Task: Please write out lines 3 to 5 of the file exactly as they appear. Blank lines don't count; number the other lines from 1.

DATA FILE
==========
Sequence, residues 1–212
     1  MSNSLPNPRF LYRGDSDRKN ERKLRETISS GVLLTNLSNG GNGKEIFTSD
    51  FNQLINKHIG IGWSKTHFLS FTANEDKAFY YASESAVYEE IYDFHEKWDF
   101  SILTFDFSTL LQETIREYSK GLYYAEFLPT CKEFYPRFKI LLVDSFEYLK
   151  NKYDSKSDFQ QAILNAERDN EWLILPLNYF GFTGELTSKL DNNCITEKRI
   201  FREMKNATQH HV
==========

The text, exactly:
    51  FNQLINKHIG IGWSKTHFLS FTANEDKAFY YASESAVYEE IYDFHEKWDF
   101  SILTFDFSTL LQETIREYSK GLYYAEFLPT CKEFYPRFKI LLVDSFEYLK
   151  NKYDSKSDFQ QAILNAERDN EWLILPLNYF GFTGELTSKL DNNCITEKRI